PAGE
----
Creating a management user

Unfortunately, your instance in OpenShift does not come with the necessary scripting (add-user.sh script). So lets run it locally on your instance and add a user:


[rhusar@x220 jboss-eap-6.0]$ ./bin/add-user.sh 


and feed it with your user details. This will generate a password hash which you need to feed to your OpenShift's container configuration:


[rhusar@x220 jboss-eap-6.0]$ cat standalone/configuration/mgmt-users.properties | grep admin


Now, you can SSH into your OpenShift instance add the generated user to the server's mgmt-users.properties file (there is probably a better way to do this via the git repository). You will find instructions how to ssh in the web console:




Afterwards, you will need to restart the server, click on the restart icon from the console and wait a few minutes.


Update arquillian.xml

Now, configure arquillian.xml in your project to pick up these credentials:


    <!-- Remote on OpenShift with port-forwarding -->
    <container qualifier="openshift-eap6" default="true">
            <property name="managementAddress"></property>
            <property name="managementPort">9999</property>
            <property name="username">admin</property>
            <property name="password">mL8oA4sctCe2epf</property>


Now run your tests (mvn test) and voila!


[INFO] ------------------------------------------------------------------------
[INFO] ------------------------------------------------------------------------
[INFO] Total time: 45.172s
[INFO] Finished at: Wed May 08 15:52:43 CEST 2013
[INFO] Final Memory: 33M/332M
[INFO] ------------------------------------------------------------------------


Err, that was not so fast!

Oops, 45 seconds with sample application with 1 deployment? That doesn't seem useful in all cases.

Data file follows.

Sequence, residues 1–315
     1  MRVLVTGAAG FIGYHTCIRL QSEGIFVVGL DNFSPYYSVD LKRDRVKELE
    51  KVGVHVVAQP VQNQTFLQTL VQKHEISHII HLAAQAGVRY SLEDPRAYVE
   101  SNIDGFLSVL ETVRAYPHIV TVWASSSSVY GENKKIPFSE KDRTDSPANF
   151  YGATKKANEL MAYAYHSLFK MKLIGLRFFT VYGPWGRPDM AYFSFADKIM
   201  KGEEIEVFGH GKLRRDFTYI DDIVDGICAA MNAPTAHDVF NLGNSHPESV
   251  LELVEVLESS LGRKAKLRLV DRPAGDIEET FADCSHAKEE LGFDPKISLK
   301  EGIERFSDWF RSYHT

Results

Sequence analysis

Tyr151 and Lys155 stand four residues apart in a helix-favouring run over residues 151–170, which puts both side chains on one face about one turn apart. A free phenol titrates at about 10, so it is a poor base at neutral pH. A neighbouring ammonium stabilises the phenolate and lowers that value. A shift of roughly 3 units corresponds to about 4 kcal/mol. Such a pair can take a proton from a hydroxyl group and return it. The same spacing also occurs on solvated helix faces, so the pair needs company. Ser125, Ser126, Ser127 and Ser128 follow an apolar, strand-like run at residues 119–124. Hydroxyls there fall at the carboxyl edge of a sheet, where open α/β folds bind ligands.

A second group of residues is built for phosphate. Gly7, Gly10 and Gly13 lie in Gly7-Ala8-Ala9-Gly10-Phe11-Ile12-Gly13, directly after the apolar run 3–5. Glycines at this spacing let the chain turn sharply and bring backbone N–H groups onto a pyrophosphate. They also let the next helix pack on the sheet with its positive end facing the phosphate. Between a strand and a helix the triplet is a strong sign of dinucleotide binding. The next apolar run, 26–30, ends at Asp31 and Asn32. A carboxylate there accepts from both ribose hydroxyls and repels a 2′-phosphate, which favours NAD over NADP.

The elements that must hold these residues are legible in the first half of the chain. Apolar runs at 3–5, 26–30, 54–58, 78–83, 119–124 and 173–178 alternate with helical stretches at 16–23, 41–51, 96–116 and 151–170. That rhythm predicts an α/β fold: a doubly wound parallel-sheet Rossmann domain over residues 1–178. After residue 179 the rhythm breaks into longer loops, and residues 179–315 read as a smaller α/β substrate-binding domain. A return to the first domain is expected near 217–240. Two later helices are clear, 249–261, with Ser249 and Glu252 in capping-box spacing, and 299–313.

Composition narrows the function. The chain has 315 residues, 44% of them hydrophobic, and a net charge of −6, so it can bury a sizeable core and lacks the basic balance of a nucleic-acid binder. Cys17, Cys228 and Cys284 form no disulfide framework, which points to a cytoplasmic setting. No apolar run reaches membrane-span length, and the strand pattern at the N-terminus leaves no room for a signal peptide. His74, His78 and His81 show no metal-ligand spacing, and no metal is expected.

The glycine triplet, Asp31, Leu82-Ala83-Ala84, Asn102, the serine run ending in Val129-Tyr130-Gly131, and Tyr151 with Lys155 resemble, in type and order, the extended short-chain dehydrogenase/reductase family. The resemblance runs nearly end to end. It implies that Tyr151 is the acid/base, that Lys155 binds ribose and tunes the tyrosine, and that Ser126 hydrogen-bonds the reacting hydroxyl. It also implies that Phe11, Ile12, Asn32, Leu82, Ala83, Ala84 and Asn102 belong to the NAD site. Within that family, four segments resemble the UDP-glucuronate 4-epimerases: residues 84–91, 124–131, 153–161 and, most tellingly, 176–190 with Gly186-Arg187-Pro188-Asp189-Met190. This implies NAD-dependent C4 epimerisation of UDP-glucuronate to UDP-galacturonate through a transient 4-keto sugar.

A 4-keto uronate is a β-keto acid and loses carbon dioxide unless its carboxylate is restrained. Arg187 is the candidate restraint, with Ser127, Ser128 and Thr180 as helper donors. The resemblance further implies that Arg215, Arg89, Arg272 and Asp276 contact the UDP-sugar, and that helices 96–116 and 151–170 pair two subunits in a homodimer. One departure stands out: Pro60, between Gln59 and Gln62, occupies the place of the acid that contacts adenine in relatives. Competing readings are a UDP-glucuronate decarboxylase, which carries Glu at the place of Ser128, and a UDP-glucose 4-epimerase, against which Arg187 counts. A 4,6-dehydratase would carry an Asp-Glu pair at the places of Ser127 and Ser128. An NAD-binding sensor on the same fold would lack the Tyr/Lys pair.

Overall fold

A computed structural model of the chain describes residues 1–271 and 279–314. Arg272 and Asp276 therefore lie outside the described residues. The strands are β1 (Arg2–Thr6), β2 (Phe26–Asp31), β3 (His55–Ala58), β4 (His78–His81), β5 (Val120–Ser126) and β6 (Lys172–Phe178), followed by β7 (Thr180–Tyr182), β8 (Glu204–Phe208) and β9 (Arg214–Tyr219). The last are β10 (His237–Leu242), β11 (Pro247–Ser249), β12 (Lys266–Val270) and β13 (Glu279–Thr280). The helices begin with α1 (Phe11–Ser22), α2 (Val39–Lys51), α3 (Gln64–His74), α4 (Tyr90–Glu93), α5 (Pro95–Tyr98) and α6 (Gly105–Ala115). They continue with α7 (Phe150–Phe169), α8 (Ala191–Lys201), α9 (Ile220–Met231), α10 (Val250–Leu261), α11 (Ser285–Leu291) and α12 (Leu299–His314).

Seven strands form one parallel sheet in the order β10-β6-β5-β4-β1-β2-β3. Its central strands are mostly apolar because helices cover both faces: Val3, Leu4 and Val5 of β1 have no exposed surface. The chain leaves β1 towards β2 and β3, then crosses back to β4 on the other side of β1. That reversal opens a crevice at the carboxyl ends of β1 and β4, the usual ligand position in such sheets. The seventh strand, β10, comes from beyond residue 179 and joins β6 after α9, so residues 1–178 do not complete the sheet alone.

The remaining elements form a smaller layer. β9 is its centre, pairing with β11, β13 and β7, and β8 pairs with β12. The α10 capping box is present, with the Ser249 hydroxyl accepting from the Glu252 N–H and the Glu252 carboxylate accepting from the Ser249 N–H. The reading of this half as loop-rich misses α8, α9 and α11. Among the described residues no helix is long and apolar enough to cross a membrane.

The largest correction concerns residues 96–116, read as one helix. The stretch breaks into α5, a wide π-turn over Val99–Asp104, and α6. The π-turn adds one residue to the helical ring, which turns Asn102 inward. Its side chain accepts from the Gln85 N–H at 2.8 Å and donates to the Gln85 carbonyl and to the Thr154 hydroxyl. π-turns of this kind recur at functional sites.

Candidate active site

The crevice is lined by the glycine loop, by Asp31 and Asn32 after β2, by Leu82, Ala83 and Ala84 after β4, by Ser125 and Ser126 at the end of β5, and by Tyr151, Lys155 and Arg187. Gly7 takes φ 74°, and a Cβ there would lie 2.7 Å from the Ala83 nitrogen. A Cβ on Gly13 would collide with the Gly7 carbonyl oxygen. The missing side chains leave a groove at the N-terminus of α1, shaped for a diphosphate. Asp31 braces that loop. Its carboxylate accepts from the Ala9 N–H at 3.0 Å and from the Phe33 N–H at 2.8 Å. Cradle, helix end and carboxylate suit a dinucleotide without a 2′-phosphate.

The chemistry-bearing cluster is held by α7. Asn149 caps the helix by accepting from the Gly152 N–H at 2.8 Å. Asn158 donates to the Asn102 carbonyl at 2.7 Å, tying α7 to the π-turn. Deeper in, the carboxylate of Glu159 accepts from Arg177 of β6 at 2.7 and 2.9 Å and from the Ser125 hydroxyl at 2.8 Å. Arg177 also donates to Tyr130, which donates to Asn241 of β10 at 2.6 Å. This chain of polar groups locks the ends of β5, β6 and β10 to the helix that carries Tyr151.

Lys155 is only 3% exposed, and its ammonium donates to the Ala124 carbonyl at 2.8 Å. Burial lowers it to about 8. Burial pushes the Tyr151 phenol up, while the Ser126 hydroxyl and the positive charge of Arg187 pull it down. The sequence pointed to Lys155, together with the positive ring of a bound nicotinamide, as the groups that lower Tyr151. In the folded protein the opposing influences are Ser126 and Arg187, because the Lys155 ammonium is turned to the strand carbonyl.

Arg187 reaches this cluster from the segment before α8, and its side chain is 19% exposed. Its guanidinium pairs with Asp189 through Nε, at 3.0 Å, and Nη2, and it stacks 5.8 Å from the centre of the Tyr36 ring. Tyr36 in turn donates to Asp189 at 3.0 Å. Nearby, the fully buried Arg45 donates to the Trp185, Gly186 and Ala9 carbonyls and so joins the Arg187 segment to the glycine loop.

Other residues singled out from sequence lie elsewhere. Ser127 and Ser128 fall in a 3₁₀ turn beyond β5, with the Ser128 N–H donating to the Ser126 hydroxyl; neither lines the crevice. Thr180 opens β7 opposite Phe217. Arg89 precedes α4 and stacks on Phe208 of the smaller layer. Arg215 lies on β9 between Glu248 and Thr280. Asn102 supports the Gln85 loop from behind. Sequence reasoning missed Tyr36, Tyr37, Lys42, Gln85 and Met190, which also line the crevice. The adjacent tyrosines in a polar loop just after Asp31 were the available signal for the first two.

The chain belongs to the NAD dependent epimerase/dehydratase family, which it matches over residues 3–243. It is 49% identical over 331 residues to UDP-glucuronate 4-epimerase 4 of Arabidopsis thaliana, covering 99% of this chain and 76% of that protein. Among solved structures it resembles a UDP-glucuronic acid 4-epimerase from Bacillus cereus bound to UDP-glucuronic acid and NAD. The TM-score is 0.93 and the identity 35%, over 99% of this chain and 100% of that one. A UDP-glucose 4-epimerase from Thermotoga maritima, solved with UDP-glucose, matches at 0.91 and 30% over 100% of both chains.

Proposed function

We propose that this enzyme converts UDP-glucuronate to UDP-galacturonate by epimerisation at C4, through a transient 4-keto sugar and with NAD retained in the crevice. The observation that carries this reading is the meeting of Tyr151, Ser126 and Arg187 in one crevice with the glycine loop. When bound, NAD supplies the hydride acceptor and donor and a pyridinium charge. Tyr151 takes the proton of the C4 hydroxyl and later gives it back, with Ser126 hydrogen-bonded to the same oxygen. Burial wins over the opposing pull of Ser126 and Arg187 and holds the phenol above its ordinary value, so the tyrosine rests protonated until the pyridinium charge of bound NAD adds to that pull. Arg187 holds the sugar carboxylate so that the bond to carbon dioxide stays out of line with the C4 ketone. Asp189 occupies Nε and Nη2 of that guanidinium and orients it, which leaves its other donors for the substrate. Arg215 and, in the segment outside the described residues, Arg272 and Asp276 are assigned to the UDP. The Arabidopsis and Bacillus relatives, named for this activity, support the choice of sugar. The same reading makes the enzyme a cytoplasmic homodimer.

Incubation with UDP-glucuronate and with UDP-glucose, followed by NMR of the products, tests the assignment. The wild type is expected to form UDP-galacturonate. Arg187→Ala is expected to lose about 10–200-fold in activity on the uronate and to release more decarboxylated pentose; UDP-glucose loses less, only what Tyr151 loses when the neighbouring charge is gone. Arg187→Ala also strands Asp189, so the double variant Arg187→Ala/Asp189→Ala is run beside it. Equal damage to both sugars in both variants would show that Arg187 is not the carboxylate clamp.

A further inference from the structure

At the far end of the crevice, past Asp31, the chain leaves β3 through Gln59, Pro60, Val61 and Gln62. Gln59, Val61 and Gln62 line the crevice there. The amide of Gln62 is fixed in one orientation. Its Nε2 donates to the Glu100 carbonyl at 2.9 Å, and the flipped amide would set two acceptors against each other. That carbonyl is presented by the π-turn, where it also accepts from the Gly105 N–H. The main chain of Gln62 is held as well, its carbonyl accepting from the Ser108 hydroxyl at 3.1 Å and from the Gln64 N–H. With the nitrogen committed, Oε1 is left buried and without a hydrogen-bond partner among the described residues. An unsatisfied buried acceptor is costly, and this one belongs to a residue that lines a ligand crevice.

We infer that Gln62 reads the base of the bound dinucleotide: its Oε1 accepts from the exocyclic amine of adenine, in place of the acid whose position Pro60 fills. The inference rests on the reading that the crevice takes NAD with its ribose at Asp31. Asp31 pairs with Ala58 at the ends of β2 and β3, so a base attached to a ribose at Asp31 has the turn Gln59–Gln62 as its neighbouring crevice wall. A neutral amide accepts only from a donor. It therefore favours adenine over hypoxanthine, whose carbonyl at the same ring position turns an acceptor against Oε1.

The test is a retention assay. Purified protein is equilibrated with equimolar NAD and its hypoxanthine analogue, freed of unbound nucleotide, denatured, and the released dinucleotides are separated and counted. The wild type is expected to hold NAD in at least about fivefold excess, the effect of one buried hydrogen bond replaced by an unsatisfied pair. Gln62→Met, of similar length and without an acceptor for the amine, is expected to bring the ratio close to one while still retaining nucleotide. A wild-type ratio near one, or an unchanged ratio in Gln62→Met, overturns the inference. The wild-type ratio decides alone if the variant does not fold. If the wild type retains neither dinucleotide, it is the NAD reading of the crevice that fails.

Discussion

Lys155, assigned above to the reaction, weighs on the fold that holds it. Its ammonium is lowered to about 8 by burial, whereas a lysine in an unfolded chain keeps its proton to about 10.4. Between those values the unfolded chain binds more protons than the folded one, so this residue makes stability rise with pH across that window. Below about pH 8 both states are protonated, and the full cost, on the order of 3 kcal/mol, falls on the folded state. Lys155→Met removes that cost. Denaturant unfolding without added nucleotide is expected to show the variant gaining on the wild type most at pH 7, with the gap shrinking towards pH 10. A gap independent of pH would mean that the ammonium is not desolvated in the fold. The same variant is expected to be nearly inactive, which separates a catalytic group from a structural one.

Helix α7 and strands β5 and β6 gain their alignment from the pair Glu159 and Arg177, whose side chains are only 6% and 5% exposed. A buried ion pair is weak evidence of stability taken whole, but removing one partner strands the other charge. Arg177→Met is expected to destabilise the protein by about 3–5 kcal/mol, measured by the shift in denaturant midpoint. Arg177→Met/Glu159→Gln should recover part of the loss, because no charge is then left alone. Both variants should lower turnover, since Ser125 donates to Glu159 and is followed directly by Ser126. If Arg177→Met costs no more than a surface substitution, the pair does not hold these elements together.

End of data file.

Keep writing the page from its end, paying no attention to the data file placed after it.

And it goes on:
What if we could test only with the database in OpenShift?

So how about you want to test your persistence layer, not necessarily testing in OpenShift's container, but use database running in OpenShift? The client tooling makes this feasible.


First, start the port forwarding client:

[rhusar@x220 myapplication]$ rhc port-forward myapplication
Checking available ports ... done
Forwarding ports ...

To connect to a service running on OpenShift, use the Local address 

Service Local               OpenShift
------- -------------- ---- ----------------
java  =>
java  =>
java  =>
java  =>
java  =>
java  =>
java  =>
mysqld  =>

Press CTRL-C to terminate port forwarding


This is pretty neat! The rhc client is forwarding all ports, which is useful in most cases but if you want to run your container on the same ports, you will run into:


The server is already running! Managed containers does not support connecting to running server instances due to the possible 
harmful effect of connecting to the wrong server. Please stop server before running or change to another type of container.(..)


Since rhc client does not support selective forwarding of ports, we will need to switch to a different port for our local managed instance. Just tell the configuration to offset the ports by a constant number like this:


    <!-- Managed -->
    <container qualifier="local-eap6-managed" default="true">
            <property name="jbossHome">target/jboss-eap-6.0</property>

            <!-- Do not overlap ports with port forward -->
            <property name="javaVmArguments">-Djboss.socket.binding.port-offset=100</property>
            <property name="managementPort">10099</property>


Now, the same test with starting and stopping of the AS instance took only few seconds:


[INFO] ------------------------------------------------------------------------
[INFO] ------------------------------------------------------------------------
[INFO] Total time: 14.033s
[INFO] Finished at: Wed May 08 16:20:36 CEST 2013
[INFO] Final Memory: 30M/343M
[INFO] ------------------------------------------------------------------------


Also, make sure that you bundled a persistence.xml or data source with the port forwarded host and port.


Happy persistence testing!